So you want to buy a camera..

CamerasYou’re about to head off to travel around southeast Asia for six months, and you want to bring along a camera to record the experience. You’ve been using the same cheap point-and-shoot for years. Is that going to meet your needs? You decide that it might be a great excuse to get a new camera, but what to get? There are so many options! Fully automatic, or manual? Able to take different lenses, or just the lens that is included? Compact Flash or SD? AA or proprietary batteries? Resolution? Pixels? Zoom?

Obviously, choosing a camera is a very subjective thing. Various factors matter differently to different people. Some long-term backpackers just care about size and weight. Others want more features, or the ability to change lenses. It pays to do some research into the options available. Gliffy has an interesting flowchart for recommending several camera options. For DSLRs specifically, Bob Atkins at has a great breakdown of the factors to consider when choosing a Digital SLR Camera.

Once you have an idea of what you might be looking for in terms of features, it’s time to compare models against each other. Hands down, the best site for camera research is Digital Photography Review. Their Buying Guide has both a features search and a side-by-side comparison, both of which allow you to look at multiple models to evaluate them against each other in terms of features, price, and owner opinions.

As a semi-professional photographer, I tend to take my beloved Canon 20D along with a couple of additional lenses, but I always carry my smaller, compact, Canon A610, which offers zoom, manual mode, a flip screen, and runs on AA batteries.

Posted by | Comments (9)  | January 21, 2010
Category: Travel Gear

9 Responses to “So you want to buy a camera..”

  1. Ahimsa Says:

    Timely. I just bought a camera for a 6 month trip in Asia. I am definitely a point-and-shoot gut, but the Panasonic Lumix brand have cool features, the most important for me being the 12x zoom and HD video. It would not be enough for any serious photographer, but for me it’s small enough and has enough features to keep me happy.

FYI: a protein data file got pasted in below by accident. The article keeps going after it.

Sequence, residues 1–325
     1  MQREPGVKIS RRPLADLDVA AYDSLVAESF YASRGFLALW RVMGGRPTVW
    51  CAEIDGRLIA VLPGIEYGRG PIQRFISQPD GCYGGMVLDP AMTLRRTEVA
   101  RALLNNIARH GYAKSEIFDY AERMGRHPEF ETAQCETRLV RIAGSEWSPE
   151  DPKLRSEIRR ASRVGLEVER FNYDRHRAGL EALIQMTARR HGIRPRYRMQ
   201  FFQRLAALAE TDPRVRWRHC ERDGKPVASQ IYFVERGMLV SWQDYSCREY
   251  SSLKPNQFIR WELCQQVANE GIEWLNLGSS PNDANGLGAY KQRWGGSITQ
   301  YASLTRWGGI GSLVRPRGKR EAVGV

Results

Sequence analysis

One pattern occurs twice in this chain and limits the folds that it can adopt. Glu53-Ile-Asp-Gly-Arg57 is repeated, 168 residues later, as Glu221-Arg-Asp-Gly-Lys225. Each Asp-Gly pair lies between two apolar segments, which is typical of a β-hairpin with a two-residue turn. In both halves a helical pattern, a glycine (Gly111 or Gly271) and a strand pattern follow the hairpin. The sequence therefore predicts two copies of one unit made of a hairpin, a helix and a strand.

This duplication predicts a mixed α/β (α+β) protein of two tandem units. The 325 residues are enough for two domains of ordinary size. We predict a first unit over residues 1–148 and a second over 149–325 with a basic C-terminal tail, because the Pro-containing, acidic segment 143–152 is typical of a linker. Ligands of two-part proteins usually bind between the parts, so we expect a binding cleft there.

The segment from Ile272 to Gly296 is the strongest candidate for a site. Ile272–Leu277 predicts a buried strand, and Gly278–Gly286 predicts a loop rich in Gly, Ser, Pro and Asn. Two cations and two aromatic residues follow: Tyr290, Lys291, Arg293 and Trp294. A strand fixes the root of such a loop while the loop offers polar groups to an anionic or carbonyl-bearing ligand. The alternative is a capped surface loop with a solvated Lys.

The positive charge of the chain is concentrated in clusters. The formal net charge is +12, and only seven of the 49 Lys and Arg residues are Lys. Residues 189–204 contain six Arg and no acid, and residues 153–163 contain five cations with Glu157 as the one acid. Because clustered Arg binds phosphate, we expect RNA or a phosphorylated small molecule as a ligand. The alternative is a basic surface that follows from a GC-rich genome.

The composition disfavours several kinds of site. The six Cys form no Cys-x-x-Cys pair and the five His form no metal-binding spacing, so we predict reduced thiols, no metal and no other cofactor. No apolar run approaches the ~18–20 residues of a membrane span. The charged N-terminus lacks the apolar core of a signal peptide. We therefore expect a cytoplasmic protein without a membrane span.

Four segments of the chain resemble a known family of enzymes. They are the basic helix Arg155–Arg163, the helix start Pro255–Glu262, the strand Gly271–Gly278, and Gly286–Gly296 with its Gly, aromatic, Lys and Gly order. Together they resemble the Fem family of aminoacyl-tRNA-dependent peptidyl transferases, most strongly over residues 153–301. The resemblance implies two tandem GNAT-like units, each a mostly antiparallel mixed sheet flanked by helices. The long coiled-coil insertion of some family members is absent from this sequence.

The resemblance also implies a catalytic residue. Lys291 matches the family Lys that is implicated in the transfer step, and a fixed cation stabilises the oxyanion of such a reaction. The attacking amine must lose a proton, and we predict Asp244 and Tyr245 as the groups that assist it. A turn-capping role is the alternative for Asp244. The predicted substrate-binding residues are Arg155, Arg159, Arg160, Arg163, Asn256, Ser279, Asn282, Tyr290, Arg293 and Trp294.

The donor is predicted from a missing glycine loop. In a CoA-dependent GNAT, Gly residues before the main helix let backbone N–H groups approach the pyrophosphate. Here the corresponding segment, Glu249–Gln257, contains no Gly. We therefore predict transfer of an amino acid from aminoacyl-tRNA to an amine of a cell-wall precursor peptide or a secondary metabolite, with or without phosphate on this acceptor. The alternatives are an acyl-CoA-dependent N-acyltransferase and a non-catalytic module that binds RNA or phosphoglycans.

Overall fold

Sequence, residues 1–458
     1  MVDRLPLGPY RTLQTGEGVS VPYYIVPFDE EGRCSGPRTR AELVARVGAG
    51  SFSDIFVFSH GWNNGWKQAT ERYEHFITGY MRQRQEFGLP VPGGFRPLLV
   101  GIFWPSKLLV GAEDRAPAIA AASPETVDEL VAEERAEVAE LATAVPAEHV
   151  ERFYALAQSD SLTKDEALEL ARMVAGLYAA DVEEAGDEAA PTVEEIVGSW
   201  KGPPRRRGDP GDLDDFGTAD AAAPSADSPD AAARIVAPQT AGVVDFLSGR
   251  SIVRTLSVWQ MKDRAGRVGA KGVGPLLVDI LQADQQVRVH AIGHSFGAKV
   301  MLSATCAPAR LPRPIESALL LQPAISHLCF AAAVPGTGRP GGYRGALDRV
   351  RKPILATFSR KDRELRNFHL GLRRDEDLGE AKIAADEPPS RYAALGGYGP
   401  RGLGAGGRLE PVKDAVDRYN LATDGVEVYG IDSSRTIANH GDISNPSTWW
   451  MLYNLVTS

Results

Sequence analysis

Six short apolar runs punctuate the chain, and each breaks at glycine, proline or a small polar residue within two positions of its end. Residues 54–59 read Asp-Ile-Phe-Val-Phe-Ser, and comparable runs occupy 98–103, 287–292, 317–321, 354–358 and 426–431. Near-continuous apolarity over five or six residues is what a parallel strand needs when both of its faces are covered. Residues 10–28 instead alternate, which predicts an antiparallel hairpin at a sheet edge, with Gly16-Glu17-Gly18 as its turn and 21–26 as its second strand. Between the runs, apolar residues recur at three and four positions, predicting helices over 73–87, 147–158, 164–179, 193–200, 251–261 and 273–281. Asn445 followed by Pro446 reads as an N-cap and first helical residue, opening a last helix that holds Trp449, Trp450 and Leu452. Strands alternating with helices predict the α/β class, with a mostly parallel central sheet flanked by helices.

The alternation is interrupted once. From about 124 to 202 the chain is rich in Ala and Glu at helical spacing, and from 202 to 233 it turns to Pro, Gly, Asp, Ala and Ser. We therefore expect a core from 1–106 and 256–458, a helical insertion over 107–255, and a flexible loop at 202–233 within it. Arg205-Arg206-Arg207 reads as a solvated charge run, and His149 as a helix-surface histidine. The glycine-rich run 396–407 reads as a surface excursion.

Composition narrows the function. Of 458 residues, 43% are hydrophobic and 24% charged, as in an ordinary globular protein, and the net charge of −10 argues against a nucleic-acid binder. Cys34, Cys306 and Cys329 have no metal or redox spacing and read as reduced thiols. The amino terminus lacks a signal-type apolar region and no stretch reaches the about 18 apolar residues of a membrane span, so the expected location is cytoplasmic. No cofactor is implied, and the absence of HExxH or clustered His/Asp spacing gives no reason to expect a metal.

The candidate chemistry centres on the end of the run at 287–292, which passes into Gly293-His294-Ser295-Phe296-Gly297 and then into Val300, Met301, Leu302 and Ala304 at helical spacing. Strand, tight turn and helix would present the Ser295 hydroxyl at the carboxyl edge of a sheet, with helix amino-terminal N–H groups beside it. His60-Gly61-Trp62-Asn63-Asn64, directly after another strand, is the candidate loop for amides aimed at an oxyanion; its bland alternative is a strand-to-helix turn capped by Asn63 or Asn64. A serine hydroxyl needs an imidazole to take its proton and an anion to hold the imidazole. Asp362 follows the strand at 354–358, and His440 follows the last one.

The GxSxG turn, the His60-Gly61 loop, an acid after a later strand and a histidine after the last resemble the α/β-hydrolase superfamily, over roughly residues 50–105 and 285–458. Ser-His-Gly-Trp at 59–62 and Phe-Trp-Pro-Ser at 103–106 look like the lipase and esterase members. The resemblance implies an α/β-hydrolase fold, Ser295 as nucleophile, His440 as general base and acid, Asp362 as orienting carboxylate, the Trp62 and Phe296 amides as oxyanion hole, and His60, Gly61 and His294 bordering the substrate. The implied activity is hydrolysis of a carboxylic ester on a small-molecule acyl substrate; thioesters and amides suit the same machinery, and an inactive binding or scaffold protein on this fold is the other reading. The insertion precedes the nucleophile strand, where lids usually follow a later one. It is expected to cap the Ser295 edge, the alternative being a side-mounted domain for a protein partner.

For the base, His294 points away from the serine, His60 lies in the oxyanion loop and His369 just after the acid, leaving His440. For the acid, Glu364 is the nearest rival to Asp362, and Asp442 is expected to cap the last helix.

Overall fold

2. David Says:

    But these days we all have smartphones with high Megapixel cameras.Isn’t it better to keep a smartphone perfect travel companion with GPS, Wifi and Travel Apps and of course camera.I have Nokia N82 and it take very high quality photos even in dark.

  3. Michael Says:

    Speaking as a photography nut and an experienced traveller, the Gliffy Blog flowchart is dead on. If someone knew nothing at all about photography, they oculd follow that flowchart and get exactly what they need.

    Re: cameraphones. Phones in cameras are still really awful. The lenses aren’t sharp, all but a very few have any zoom capability, and the tiny sensors just can’t get enough light. A cheap $80 pocket camera will take better photos than the camera in an iPhone.

  4. Tom Ott Says:

    If I’m going to be traveling where I can charge my camera, then I bring my one and only digital camera, a Canon G11. Its perfect for travel/street photography and very light weight. If I’m going on an extended trip into regions where I can’t charge my camera, then I take my 35mm film camera with a 28-105mm zoom lens, 10-15 rolls of film, and an extra battery. If I use my flash sparingly, one battery would last me months!

  5. Brett Stuckel Says:

    I just waded into the world of D-SLR with a used D40 and am a bit concerned about the cumbersome factor mentioned above. Still love my battered little Canon Powershot and plan to take both on the road.

  6. GypsyGirl Says:

    Brett- D40 isn’t too cumbersome- as Nikon SLRs go- what lens do you have with it? Keep in mind that your digital SLR sensor is going to take in WAY more light than your PDH camera.